to come first
(In the sense of priorities. Sometimes also in a literal sense of going to the front, but "nach vorne gehen" is mroe idiomatic for that.)
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to go ahead, to walk ahead
(Literally walking with a head start. Also for a watch being ahead. NOT used in the sense of continuing.)
Opposite: nachkommen
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to proceed, to take measures
(Taking action in a planned manner to tackle a problem. Can be confrontational when combined with "gegen".)
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to go on in someone’s mind/soul
("in jemandem+Dat vorgehen" - fairly common.)
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to happen, to go on
(Not very common and only idiomatic in a few contexts. Sounds a bit old school and a bit "mysterious" or "surprised". )
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Prefix Verbs Explained - "vorgehen"

A quick look at the meaning of "vorgehen" and why it has the three meanings it has.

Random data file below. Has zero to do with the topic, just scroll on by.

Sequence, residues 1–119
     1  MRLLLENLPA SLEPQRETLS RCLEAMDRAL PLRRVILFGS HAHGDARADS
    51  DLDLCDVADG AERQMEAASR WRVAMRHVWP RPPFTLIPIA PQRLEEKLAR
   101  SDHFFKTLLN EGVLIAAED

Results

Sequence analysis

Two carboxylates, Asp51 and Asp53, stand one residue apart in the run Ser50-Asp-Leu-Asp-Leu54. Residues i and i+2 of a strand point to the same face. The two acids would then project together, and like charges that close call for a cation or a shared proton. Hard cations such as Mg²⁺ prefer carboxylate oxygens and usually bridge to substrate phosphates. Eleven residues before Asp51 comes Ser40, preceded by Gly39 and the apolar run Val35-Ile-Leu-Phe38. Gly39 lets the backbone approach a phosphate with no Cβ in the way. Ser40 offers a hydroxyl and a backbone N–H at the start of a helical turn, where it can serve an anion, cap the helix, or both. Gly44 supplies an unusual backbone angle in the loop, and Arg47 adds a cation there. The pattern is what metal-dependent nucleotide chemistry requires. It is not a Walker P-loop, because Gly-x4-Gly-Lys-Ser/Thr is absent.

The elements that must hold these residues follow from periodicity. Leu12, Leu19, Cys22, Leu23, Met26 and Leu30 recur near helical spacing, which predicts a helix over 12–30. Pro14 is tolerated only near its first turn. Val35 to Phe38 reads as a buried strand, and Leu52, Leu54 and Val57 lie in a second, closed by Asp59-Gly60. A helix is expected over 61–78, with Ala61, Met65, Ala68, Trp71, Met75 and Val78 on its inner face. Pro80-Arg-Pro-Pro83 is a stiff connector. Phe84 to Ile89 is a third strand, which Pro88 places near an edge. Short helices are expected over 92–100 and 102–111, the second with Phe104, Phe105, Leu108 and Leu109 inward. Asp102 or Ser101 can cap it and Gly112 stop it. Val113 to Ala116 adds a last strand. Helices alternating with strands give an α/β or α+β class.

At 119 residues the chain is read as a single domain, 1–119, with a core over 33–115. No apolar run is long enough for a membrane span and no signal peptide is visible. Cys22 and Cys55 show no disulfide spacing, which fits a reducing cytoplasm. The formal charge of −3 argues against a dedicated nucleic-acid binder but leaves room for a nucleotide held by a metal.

vorgehen, der Vorgang, das Vorgehen, hervorgehen aus

Word Family

Root: *ghē-

The core idea of this root was:

going away, disappearing

This is also commonly considered the origin of to go but other relations are not certain.

The English to go is defective in the sense that it doesn’t have its own past tense form. And it hasn’t had one for more than a thousand years. Instead, it uses the form went, which is taken from the verb to wend. It’s unclear, why to go is defective.

German gehen does have its own past form, but according to German etymologist, the cluster of gehen is actually a combination of two families – one being the one of to go and the other being that of the word of English gang, which ironically was originally about making steps.

Yeah… I know… this was already a bit too nerdy. We’re here to learn German, not do science :)

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